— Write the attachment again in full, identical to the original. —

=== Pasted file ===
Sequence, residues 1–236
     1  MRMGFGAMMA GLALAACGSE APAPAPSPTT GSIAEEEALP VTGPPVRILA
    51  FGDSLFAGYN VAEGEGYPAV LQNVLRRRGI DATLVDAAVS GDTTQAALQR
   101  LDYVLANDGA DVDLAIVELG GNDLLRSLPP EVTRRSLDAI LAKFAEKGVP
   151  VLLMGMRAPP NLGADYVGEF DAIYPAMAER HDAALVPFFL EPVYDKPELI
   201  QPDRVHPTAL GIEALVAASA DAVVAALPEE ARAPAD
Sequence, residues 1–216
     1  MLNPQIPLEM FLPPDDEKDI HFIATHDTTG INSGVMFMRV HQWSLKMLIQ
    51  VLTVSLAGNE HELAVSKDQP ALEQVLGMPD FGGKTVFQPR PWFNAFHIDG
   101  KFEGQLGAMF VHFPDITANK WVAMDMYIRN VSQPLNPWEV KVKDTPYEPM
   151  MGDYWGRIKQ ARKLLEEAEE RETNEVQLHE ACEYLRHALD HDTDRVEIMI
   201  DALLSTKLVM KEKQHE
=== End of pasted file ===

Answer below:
Sequence, residues 1–236
     1  MRMGFGAMMA GLALAACGSE APAPAPSPTT GSIAEEEALP VTGPPVRILA
    51  FGDSLFAGYN VAEGEGYPAV LQNVLRRRGI DATLVDAAVS GDTTQAALQR
   101  LDYVLANDGA DVDLAIVELG GNDLLRSLPP EVTRRSLDAI LAKFAEKGVP
   151  VLLMGMRAPP NLGADYVGEF DAIYPAMAER HDAALVPFFL EPVYDKPELI
   201  QPDRVHPTAL GIEALVAASA DAVVAALPEE ARAPAD
Sequence, residues 1–216
     1  MLNPQIPLEM FLPPDDEKDI HFIATHDTTG INSGVMFMRV HQWSLKMLIQ
    51  VLTVSLAGNE HELAVSKDQP ALEQVLGMPD FGGKTVFQPR PWFNAFHIDG
   101  KFEGQLGAMF VHFPDITANK WVAMDMYIRN VSQPLNPWEV KVKDTPYEPM
   151  MGDYWGRIKQ ARKLLEEAEE RETNEVQLHE ACEYLRHALD HDTDRVEIMI
   201  DALLSTKLVM KEKQHE